They found that 47 of 80 had identifiable infections while a smaller number were diagnosed with collagen vascular disease (5 of 80) or malignancy (2 of 80). These results suggest that these diagnoses currently might be made more quickly than in previous decades because they have become better understood. Importantly, this group also noted lack of a diagnosis in 10 of 80 patients despite the availability of more modern diagnostic tools. Periodic fevers and specific immune deficiencies were described in several patients, highlighting the success of newer diagnostic tools and a better understanding of certain disease entities.
More recent case series from Tunisia, 21 Kuwait,22 and another from Turkey23 all found similar incidences of infectious diseases, collagen vascular disease, and malignancy.21–23 The Kuwait study had a higher overall rate of infectious diseases, possibly reflecting significant geographic variation in disease patterns.
A caveat must be stated if the definition of FUO is altered to include patients with only 10 days of fever. A concern is that this shortened period may allow for inclusion of more potentially life-threatening or debilitating acute or subacute infectious or inflammatory disorders (aggressive sinusitis complicated by intracranial spread; prolonged Rocky Mountain spotted fever or Ehrlichia infection; Kawasaki disease; EBV-associated hemophagocytic syndrome; systemic lupus erythematosis complicated by sepsis; and others) that call for a prompt diagnostic approach. On the other hand, these disorders are likely to be accompanied by an abnormal physical examination and/or suspicious initial laboratory studies, which should compel the diagnostician to promptly pursue additional studies that could lead to an accurate diagnosis.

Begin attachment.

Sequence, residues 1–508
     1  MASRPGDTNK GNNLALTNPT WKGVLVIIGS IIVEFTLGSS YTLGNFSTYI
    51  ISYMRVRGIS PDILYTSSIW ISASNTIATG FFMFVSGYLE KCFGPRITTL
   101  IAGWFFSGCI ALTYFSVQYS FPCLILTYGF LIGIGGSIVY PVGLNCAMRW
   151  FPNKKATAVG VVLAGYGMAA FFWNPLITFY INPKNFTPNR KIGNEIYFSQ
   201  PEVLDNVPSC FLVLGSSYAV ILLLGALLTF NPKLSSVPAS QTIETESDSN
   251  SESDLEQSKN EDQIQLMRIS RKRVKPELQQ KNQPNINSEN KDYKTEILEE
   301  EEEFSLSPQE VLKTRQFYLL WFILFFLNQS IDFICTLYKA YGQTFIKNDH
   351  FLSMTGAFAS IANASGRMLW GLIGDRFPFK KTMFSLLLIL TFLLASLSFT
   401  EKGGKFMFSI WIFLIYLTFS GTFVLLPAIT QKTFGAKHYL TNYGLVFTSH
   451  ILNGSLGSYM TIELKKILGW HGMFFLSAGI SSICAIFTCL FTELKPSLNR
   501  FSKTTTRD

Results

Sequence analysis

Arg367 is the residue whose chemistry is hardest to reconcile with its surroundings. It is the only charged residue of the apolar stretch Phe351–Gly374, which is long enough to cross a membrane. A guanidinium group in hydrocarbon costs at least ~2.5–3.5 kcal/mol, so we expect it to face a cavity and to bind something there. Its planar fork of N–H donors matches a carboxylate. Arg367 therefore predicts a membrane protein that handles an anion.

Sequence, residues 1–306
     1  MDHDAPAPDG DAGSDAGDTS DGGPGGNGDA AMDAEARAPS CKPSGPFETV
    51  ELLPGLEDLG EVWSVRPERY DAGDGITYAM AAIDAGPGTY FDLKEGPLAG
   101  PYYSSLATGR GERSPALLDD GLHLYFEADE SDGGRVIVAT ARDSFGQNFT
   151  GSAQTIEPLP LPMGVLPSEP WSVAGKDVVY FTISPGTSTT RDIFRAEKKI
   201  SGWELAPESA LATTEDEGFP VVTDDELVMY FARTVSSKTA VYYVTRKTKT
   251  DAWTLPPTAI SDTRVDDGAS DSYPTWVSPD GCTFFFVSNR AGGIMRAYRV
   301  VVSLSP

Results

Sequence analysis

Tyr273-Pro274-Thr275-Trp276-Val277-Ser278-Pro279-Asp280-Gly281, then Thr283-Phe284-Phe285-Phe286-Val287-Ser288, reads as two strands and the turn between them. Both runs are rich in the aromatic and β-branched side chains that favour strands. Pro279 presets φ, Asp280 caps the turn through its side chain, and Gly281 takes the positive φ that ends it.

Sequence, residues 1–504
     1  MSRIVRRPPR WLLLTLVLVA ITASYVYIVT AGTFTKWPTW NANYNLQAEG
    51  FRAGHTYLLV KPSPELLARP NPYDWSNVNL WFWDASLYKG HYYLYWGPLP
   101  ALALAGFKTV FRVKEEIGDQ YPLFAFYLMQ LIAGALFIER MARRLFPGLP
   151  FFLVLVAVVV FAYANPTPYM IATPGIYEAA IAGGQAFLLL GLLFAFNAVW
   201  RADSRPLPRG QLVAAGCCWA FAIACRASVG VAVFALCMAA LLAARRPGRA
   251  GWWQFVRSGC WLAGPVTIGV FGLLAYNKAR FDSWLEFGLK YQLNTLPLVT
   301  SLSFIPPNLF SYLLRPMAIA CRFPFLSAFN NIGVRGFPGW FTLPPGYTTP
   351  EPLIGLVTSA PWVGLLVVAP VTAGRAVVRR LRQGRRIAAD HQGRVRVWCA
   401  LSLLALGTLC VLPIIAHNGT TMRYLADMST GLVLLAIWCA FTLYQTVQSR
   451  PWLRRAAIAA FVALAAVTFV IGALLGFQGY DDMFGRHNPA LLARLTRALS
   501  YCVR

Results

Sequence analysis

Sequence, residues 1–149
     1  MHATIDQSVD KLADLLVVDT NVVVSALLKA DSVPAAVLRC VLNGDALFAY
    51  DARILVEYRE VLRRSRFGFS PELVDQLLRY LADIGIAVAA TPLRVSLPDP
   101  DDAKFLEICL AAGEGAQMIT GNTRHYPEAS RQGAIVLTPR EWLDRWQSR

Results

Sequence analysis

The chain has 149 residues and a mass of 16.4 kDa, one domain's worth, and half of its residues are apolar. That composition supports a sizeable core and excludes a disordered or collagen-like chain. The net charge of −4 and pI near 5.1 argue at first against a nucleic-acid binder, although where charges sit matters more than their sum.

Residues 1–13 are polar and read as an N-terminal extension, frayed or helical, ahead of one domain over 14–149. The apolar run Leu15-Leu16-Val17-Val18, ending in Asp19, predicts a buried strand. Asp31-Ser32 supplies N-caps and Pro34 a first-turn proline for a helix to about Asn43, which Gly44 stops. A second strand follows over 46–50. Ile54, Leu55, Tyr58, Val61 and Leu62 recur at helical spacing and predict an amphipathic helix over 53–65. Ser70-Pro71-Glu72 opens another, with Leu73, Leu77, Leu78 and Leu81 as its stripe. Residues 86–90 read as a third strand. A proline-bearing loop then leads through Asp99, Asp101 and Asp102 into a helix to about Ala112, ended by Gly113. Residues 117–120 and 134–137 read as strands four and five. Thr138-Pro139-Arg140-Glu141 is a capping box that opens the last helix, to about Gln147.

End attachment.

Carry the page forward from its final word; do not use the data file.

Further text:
FUO in children remains a puzzle each time pediatricians are faced with the challenge its evaluation presents. Initially, children can be managed competently by the generalist in the outpatient setting, using time as a diagnostic tool with frequent re-evaluation and simple laboratory testing. Severity of presentation should direct a faster evaluation or earlier referral for admission or outpatient specialty evaluation. A general pediatric referral service, if available, is often a good starting point if a clear diagnosis, such as malignancy, is not evident. Hospital admission is also indicated when the patient is unstable or there is concern for maltreatment or factitious fever.24
In the 40 years since the first three case series describing FUO in children, this entity has remained one of the more challenging diagnostic dilemmas for pediatric clinicians. Although newer diagnostic modalities have likely hastened the diagnosis of malignancy and collagen vascular diseases, and a better understanding of periodic fever syndromes has allowed identification of these patients, the challenge still remains about how to approach the child with an FUO when the child first presents. Once the child is identified as having FUO, serial physical examinations, careful reviews of the history, and a basic workup should be started. Careful attention should be paid to follow-up, referral, and further evaluation.